On Thursday 9 June I attended a professional development day for fiction editors, run by the SfEP, along with more than 60 other delegates.
I’m not a specialist fiction editor. Most of my work is on trade non-fiction and educational resources. However, I do currently copy-edit and proofread fiction for a few publishing clients, and enjoy the work very much. I am also an avid reader of fiction, and a writer of fiction (work-in-progress).
What did I hope to get out of the day? Well, I was intrigued to find out more about going further than a basic copy-edit. Although I’ve been an editor for the best part of twenty years, and am confident working at all stages of the publishing process when it comes to non-fiction, I wouldn’t yet dream of offering developmental editing for fiction, for example – I think it’s incredibly difficult to get right, and I simply don’t know enough in this area to be able to make someone else’s story sing off the page in terms of the larger structure. I am still learning how to do this for myself. Perhaps it’s something I’ll want to offer when I have more experience.
So I suppose I wanted an insight into how editors work earlier on in the process, as an interested editor in related fields, and also as a writer-in-training – and I wasn’t disappointed. The programme was varied and interesting throughout – not easy to pull off when catering to a large crowd of editors with varying degrees of experience, from more-or-less complete newbies to people who’ve worked on fiction for decades.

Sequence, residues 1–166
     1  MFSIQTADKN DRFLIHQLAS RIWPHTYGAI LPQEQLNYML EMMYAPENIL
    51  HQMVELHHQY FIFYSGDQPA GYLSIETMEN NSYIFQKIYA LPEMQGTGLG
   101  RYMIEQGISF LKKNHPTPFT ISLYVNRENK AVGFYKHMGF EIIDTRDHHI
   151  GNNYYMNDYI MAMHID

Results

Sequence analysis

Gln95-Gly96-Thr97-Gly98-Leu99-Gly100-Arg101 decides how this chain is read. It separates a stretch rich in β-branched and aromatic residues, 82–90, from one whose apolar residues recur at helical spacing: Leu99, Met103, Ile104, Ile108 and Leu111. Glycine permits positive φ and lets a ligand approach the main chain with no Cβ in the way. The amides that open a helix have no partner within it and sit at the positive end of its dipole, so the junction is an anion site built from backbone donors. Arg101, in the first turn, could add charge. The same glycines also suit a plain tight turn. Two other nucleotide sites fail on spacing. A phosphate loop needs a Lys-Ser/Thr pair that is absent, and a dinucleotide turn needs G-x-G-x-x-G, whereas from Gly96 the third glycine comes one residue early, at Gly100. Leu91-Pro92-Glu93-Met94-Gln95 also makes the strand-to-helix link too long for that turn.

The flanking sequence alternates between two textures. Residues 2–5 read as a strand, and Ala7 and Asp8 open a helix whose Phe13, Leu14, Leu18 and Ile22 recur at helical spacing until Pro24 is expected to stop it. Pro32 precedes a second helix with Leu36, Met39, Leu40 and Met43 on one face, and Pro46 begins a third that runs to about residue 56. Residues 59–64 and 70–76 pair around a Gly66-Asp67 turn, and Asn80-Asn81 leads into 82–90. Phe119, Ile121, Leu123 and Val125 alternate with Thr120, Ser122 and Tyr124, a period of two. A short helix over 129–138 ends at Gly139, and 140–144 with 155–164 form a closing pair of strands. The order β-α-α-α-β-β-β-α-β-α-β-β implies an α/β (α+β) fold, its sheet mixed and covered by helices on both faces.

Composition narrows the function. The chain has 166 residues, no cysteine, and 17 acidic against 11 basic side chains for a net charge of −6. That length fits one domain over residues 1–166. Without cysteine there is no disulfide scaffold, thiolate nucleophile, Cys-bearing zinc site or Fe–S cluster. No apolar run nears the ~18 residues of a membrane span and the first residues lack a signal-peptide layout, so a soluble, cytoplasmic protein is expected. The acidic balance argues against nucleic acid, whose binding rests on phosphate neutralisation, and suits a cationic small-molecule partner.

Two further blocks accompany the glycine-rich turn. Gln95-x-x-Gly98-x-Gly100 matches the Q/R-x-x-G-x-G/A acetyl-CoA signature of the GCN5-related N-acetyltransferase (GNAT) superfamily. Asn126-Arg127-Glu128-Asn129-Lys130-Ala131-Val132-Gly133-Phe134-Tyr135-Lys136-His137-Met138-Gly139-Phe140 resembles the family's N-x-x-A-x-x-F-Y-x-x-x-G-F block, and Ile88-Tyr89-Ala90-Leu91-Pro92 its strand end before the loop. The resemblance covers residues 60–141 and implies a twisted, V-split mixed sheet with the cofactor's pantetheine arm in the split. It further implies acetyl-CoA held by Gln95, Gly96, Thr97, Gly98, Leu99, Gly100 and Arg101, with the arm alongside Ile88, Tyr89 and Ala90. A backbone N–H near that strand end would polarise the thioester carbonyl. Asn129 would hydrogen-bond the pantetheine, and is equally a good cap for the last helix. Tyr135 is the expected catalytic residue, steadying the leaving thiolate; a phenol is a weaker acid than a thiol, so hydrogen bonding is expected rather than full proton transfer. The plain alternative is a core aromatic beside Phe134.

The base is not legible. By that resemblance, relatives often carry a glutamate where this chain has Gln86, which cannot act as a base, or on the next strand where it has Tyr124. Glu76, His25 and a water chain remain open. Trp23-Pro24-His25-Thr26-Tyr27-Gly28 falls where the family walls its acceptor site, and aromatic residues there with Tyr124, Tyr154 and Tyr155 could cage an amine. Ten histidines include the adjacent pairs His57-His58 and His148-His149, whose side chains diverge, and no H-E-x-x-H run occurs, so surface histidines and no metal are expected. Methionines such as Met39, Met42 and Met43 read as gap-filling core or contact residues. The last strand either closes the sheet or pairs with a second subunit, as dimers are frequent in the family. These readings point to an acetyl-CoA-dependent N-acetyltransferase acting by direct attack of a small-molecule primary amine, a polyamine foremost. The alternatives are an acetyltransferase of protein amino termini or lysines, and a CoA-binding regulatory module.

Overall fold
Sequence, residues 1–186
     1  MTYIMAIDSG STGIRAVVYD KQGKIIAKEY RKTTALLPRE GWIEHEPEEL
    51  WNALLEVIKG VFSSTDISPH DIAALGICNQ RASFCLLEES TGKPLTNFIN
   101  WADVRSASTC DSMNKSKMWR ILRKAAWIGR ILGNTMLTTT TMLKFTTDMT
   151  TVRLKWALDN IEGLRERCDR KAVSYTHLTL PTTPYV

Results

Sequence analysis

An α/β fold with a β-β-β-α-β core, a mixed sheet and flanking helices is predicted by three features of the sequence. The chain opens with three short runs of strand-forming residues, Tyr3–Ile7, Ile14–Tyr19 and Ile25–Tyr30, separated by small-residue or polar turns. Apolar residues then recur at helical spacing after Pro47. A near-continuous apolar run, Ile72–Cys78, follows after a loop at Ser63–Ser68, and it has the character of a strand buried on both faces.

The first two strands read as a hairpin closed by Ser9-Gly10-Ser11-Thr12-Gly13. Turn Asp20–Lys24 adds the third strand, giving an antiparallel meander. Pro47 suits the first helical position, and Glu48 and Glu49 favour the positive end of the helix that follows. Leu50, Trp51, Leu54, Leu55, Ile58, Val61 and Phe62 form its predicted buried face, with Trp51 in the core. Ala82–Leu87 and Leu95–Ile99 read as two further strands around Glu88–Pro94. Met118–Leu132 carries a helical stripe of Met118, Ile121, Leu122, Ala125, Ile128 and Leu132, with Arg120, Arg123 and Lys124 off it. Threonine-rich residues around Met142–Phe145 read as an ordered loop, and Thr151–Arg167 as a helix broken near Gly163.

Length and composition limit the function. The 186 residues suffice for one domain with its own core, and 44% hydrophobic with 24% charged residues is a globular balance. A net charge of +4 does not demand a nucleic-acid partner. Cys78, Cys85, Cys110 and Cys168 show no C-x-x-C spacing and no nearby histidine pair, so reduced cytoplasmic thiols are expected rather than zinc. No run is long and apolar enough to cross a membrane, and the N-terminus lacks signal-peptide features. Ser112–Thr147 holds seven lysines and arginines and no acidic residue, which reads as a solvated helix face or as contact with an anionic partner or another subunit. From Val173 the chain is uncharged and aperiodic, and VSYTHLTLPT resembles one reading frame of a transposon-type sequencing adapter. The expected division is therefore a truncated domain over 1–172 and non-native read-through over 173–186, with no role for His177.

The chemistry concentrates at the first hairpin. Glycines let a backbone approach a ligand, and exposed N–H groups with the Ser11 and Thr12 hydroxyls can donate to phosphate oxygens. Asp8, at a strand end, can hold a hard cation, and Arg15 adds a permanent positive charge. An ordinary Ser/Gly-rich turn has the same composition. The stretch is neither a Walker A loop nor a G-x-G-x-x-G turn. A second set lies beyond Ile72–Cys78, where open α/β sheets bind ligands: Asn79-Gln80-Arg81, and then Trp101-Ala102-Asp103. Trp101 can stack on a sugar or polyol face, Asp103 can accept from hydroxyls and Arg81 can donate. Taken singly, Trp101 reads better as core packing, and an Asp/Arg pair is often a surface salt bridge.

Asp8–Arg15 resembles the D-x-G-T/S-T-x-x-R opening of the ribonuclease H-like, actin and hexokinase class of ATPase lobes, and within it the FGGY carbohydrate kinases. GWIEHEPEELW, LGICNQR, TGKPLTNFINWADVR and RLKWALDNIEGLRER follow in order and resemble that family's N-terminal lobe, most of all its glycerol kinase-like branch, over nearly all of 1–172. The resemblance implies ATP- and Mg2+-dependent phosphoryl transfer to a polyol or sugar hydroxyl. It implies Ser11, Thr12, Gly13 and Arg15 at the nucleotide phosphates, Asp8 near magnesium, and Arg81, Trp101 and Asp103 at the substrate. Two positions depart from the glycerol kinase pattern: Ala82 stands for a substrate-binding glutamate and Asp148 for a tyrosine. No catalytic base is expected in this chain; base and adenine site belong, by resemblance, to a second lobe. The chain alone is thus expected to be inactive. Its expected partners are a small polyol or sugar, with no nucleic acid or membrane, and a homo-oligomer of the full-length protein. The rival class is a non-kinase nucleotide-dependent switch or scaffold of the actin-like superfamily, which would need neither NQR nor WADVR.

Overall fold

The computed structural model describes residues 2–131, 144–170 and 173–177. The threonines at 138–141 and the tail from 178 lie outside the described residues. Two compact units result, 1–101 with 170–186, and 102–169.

Should you take the job?
The first speaker was Andrew Wille, who spoke on the subject of whether the editor should take the job – and if they do take the job, how much they should intervene, and what needs to be done to the text. He talked about the different levels of editing (from development editing, to line editing, copy-editing and proofreading), and emphasised that as editors offering a service, we must be clear about what we can and can’t do. He also spoke of the importance of being able to communicate with writers in a common language. Communication is so important, and he pointed out that often a phone call can be preferable, with this kind of work, to an email conversation – and at points in the work, a face-to-face meeting is even better if at all possible. This is something I definitely need to be reminded of sometimes … it’s too easy, in my experience, to become dependent on email.
The craft of writing
Next was Emma Darwin, who I (and I suspect many others in the room) had been looking forward to on account of her fantastically interesting and useful blog, This Itch Of Writing – required reading for any student of writing or editing fiction. She talked about how, as editors, we need to translate our instinctive reactions to a piece of writing into something the author can work with. Bearing this in mind, she took us through the elements that make fiction work, from asking ‘Whose story is it?’ and ‘What’s at stake?’ through the nuts and bolts of character and voice, point of view (yes, the point of view can be changed within a chapter if done well), structure, moving between scenes, show and tell (or, preferably, evoke and inform) and, crucially, psychic distance. The last is a subject that Emma often talks about on the blog as being crucial to how well a piece of fiction writing works, but I had struggled to understand it properly and was really helped by hearing her explain it on the day.
An author’s view of editing and editors